Association between access block and time to parenteral opioid analgesia in renal colic: A pilot study

Chu, Kevin and Brown, Anthony (2009) Association between access block and time to parenteral opioid analgesia in renal colic: A pilot study. Emergency Medicine Australasia, 21 1: 38-42. doi:10.1111/j.1742-6723.2008.01146.x


Author Chu, Kevin
Brown, Anthony
Title Association between access block and time to parenteral opioid analgesia in renal colic: A pilot study
Journal name Emergency Medicine Australasia   Check publisher's open access policy
ISSN 1742-6731
1742-6723
Publication date 2009-02
Sub-type Article (original research)
DOI 10.1111/j.1742-6723.2008.01146.x
Volume 21
Issue 1
Start page 38
End page 42
Total pages 5
Editor Brown, Anthony F.
Place of publication Richmond, VIC, Australia
Publisher Wiley-Blackwell Publishing Asia
Collection year 2010
Language eng
Subject C1
920204 Evaluation of Health Outcomes
110305 Emergency Medicine
Formatted abstract
Objective: To seek an association between access block and time to parenteral opioid analgesia (POA) in ED patients presenting with renal colic.
Methods: Renal colic patients given POA were retrospectively identified over 3 months. Time of administration of POA was abstracted from patients’ charts. Access block data, time of arrival and demographics were retrieved electronically. A logistic regression was used to seek an association between time to POA (dichotomized into <1 h and >1 h of arrival) with daily access block (proportion of patients requiring hospital admission in a 24 h period who have a total ED time >8 h, dichotomized at its median), time of administration of POA (00.00–07.59 hours [T1], 08.00–15.59 hours [T2], 16.00–23.59 hours [T3] ), age and sex.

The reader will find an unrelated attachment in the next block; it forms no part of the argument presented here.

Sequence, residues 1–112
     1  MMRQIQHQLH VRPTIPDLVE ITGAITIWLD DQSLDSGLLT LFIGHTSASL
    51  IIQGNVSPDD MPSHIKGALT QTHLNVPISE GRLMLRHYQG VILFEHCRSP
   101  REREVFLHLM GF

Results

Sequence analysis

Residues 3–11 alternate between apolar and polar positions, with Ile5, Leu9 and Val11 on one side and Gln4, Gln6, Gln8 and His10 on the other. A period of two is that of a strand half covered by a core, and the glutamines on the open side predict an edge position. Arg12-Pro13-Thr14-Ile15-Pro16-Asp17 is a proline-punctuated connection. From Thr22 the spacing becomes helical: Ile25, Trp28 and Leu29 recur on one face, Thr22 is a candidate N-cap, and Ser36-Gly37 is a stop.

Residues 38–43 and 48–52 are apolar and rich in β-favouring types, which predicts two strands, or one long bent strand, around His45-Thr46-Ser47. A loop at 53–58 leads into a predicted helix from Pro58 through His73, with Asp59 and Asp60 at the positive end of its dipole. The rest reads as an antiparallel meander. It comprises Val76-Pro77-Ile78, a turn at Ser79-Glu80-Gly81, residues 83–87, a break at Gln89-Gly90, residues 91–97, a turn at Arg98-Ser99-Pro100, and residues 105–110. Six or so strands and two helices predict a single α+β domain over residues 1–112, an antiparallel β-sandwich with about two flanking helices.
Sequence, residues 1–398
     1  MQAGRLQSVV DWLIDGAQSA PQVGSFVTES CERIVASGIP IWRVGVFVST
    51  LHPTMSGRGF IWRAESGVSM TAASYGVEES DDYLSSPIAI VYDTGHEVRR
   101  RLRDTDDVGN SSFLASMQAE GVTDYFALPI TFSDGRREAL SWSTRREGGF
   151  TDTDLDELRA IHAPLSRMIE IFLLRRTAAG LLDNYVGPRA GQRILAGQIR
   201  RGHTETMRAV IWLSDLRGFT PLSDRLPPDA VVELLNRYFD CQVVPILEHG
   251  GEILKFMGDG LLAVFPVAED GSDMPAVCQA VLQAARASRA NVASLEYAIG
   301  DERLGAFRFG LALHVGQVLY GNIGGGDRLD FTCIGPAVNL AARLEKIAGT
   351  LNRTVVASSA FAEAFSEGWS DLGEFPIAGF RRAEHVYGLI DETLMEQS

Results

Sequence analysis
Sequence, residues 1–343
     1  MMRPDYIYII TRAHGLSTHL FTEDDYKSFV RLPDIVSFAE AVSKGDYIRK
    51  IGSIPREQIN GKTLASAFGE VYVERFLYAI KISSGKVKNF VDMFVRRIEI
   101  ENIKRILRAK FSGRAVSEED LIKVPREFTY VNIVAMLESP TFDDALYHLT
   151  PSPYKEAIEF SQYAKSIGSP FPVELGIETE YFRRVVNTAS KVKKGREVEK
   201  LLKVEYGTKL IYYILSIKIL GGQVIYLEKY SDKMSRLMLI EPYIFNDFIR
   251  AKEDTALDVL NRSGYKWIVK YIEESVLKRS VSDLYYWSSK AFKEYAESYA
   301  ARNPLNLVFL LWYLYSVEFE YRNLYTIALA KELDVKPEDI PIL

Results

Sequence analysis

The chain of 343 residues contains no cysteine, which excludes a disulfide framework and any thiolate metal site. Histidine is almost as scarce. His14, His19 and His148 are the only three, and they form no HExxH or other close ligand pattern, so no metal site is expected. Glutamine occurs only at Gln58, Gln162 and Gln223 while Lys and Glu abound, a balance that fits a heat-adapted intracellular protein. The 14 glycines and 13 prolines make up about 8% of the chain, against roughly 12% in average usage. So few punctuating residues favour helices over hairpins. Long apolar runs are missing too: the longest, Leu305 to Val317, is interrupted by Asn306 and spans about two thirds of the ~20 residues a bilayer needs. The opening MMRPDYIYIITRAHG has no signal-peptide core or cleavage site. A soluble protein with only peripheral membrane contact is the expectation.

Results: Of 69 patients, 42 (60.1%, 95% CI 51–70%) received POA within 1 h. Access block occurred daily (median 28.8%, range 6.8–53.1%). Mean hourly ED attendance rates for all patients during T1, T2 and T3 were 4.0, 11.7 and 7.8 patients/h respectively. As predictors of time to POA (>1 h vs 1 h), the adjusted OR for access block (29% vs <29%) was 1.0 (95% CI 0.4–2.9), T3 versus T2 was 5.0 (95% CI 1.4–17.7), T1 versus T2 was 1.0 (95% CI 0.3–23.8), age (47 years vs <47 years) was 0.8 (95% CI 0.3–2.3) and for sex (female vs male) was 0.4 (95% CI 0.1–1.6).
Conclusion: Time to POA was related to time of administration, but not to access block. Access block might be too crude a measure to quantify ED overcrowding, and so its influence on time to POA may not be exhibited.
Keyword Access block
Crowding
Emergency department
Overcrowding
Time to analgesia
Q-Index Code C1
Q-Index Status Confirmed Code
Institutional Status UQ

Document type: Journal Article
Sub-type: Article (original research)
Collections: 2010 Higher Education Research Data Collection
School of Medicine Publications
 
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Created: Wed, 21 Apr 2010, 15:41:51 EST by Sia Athanasas on behalf of Anaesthesiology and Critical Care - RBWH